Jared was all stress. He’d been the manager of a hotel/casino in Atlantic City that was totally decimated by the storm. They rebuilt but he couldn’t go back. He hadn’t worked since the storm, in fact, although lately he was looking around at the many hotels in the city and thinking about getting back into it. Until TEOTWAWKI, anyway.
Being the manager of a large hotel and casino was what made him a great Prepper, in fact. He always thought ahead, always planned, always imagined contingencies. In the old days, he thought ahead about the rooms and the gaming floor and who was stealing and who was reliable and what deals they could offer to get the people in the door. It wasn’t the biggest place in AC by a long shot but he’d introduced a lot of creature comforts to draw in the middle aged crowd – free Wi-Fi, in room massages, a 24 hour gym and a conference room with wide leather chairs. He had the pool redone not long before the storm. People in their forties and fifties – they were the ones. They had the disposable income. He’d made a name for The Billinger Hotel and Casino and more than doubled profits in the ten years he’d worked there, right out of Cornell’s Hotel program.
Now he thought ahead about disaster. His backpack could sustain him – well, forever, assuming he could get to a food and water source. He imagined every contingency from another hurricane to nuclear war to alien invasion. Nothing seemed outlandish to him. And it wasn’t just the BOB and his Every Day Carry kit (in case he couldn’t get to his backpack) – he trained. He’d lost fifty pounds since Jennifer died, walking all over the city, getting his body in shape.
He took swimming lessons at the Y and became a certified lifeguard along with a bunch of seventeen year olds.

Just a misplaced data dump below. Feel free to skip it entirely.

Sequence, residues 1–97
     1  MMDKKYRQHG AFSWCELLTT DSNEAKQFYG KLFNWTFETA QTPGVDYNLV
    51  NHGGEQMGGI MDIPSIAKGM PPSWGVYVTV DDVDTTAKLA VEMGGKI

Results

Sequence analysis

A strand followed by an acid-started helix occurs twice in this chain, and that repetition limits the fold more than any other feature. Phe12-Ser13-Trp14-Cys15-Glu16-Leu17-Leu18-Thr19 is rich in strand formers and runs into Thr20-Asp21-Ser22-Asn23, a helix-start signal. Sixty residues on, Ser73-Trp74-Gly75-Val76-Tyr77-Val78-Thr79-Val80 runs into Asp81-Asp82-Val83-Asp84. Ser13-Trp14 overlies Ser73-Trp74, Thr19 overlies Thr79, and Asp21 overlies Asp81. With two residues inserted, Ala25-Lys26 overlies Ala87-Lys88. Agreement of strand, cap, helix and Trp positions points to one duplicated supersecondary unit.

He attended Prepper workshops on survival skills. He’d never thought of owning a gun before but now he had two and he practiced with both once a week. One was a small caliber hand gun, easy to handle, for self-defense, and the other was a small rifle, perfect for hunting. And he’d learned how to hunt, how to clean the meat and dress it and cook it. The rifle was broken down in his BOB in the case he’d purchased with it and the hand gun in his EDC pack. Self-defense always came first.
He bought a small cabin Wisconsin for his BOL – bug out location. It was big enough for several people and packed with supplies.
And in the parking spot downstairs was his BOV – a black Hummer. But he knew there was every chance he’d have to walk off this island to Wisconsin. All contingencies were prepared for.
Melody came to the door and looked straight at him. He tried to speak, to tell her something was terribly wrong, but she must have thought he was still asleep because she just glanced at him and walked back out into the hallway.
“…I thought this would knock him out. His eyes were open,” he heard as her voice was drifting down the hallway.
He couldn’t make sense of the words. What would knock him out? Him? As in him, Jared Finkelstien? Or someone else? Her voice was muted again, like a radio station that is just tuned slightly too low in an irritatingly indecipherable way.
He tried to replay the day in his head, trying to stave off terrible thoughts.
Melody and he had lunch in the theater district. She’d had an audition. She seemed nervous and out of sorts when she showed up, so he didn’t ask how it had gone. She turned the conversation to him, as she always did. She didn’t like talking about herself. Today she wanted to know about the baby.
“When was she due?” She picked at her salad. He wished she’d eat more. She was so thin.
“October ninth. Of course the doctor prepared us that she could come late, being a first baby.”